Evaluating Esisuisse’s Protection Against Bank Runs

From Switzerland to the World: Examining the Future of Deposit Insurance in a Global Context

In times of crisis, people often worry about the safety of their money in banks. In Switzerland, Esisuisse plays a crucial role in securing bank deposits and preventing panic withdrawals. Founded 40 years ago, this organization ensures that bank customers are protected up to 100,000 francs per customer and banking relationship in the event of a bank’s bankruptcy.

Despite its importance, Esisuisse remains relatively unknown, both domestically and internationally. The organization has been subject to scrutiny, particularly from the International Monetary Fund (IMF), which has identified certain shortcomings in the Swiss deposit protection system. One key point of contention is the limited coverage of insured deposits and the lack of alternative financing mechanisms if the existing funds are insufficient.

The IMF has called for reforms to strengthen deposit protection in Switzerland, including the establishment of a fully pre-financed fund and broader functions beyond simply paying out deposits. However, the Swiss model, which is based on self-regulation by banks and a private association (Esisuisse), has its own unique characteristics that differ from global trends in deposit insurance.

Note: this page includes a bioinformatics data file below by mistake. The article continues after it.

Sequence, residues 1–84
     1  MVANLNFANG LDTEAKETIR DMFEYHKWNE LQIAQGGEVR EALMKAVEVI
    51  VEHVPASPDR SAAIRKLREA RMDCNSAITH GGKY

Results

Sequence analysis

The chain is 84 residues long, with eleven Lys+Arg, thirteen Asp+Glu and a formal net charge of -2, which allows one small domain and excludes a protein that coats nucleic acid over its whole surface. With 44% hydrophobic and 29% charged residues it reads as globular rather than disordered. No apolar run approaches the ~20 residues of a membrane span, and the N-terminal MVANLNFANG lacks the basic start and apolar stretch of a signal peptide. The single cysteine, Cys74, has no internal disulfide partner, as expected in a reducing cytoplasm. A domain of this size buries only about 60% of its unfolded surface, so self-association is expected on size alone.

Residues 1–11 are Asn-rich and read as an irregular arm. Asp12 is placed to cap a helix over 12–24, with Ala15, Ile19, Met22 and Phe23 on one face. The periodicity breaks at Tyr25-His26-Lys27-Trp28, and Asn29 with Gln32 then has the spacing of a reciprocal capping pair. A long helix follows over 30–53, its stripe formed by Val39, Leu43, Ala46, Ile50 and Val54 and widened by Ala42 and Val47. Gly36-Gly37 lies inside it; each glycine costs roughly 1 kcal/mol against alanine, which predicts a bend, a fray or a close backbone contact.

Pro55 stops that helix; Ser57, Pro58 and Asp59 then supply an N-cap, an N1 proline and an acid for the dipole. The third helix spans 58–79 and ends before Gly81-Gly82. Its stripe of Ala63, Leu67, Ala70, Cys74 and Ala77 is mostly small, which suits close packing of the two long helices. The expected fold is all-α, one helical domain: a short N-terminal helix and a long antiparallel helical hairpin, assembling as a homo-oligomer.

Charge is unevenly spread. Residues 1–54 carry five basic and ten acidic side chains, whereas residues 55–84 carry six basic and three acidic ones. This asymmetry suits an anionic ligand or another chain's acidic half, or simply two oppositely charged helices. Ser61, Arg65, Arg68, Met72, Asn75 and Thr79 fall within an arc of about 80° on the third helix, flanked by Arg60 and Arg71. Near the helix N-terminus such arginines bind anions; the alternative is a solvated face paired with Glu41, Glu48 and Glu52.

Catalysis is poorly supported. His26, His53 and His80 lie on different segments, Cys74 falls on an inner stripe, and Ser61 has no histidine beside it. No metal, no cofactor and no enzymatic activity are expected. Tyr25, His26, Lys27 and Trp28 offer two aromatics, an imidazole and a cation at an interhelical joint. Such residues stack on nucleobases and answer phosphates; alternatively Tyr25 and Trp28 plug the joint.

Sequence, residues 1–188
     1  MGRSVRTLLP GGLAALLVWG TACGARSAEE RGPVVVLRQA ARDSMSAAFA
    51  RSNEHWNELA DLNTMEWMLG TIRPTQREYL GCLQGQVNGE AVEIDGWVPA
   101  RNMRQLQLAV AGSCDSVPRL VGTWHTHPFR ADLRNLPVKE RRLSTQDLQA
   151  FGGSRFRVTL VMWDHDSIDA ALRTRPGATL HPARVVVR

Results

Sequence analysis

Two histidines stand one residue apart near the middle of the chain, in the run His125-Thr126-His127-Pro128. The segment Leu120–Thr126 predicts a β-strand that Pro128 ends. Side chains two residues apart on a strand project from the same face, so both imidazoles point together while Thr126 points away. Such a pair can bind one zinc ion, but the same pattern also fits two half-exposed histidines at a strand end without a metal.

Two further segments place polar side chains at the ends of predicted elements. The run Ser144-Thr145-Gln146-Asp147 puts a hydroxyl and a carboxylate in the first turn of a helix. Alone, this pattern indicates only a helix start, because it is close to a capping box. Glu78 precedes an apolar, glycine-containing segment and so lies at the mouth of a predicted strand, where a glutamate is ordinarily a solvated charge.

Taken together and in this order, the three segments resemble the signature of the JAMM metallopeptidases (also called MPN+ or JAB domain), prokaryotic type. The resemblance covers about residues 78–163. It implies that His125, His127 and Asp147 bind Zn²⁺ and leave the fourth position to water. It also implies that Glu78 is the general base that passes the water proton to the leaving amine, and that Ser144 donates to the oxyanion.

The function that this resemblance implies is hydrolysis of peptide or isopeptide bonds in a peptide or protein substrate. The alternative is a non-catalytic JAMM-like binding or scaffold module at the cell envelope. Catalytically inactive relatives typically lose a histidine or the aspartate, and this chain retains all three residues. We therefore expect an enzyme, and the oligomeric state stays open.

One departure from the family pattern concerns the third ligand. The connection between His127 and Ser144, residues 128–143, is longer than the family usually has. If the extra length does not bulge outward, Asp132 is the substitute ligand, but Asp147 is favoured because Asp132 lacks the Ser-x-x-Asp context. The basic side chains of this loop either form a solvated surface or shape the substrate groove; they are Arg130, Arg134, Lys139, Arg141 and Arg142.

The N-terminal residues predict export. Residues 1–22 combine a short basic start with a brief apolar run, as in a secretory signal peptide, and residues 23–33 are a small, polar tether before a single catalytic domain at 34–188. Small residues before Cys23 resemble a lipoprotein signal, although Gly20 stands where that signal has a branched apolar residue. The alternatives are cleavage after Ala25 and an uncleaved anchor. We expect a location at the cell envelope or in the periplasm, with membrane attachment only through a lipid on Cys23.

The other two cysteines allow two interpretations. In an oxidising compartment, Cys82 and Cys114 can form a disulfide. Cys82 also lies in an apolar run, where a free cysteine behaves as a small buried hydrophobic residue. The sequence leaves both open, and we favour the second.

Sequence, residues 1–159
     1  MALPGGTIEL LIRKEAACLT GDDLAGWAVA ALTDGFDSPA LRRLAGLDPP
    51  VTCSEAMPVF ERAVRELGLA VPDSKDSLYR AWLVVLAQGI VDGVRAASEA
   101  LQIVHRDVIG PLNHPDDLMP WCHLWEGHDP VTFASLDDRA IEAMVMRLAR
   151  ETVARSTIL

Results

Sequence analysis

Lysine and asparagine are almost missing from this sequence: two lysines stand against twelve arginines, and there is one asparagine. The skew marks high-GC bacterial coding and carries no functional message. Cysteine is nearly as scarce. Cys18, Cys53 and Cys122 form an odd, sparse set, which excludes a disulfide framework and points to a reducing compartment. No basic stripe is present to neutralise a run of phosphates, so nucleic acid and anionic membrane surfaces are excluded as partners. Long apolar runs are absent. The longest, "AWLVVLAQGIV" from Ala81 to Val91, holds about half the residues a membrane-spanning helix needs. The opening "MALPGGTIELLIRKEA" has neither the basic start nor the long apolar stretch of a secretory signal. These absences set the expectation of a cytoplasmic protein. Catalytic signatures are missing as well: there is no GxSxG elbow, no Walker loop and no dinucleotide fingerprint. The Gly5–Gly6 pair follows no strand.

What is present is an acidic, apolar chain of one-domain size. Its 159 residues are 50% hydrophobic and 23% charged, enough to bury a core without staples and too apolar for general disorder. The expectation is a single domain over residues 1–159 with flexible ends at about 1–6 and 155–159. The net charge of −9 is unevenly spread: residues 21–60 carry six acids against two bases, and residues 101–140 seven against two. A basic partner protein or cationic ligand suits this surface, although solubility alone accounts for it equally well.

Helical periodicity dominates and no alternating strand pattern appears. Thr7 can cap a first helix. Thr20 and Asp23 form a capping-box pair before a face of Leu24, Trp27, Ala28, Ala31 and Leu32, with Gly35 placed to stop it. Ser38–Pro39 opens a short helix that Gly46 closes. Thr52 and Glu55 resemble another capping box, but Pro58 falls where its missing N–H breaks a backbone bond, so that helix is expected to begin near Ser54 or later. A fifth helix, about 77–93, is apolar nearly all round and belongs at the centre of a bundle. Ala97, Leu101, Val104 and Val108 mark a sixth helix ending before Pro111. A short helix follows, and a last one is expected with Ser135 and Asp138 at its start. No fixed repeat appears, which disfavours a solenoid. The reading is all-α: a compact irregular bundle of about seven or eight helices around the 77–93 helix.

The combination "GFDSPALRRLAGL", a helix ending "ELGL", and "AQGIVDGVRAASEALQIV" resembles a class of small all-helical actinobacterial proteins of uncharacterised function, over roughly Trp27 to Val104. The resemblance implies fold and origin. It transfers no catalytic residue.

Proponents of the Swiss model argue that certain ambiguities in the system can be disciplinary and prevent moral hazard. They point to the fact that stronger deposit insurance may not have prevented crises like the one experienced by Credit Suisse, which primarily affected unsecured deposits. While some argue that reforms may be necessary to address these concerns, others believe that Switzerland’s approach should remain unchanged due to its effectiveness and independence from state intervention.

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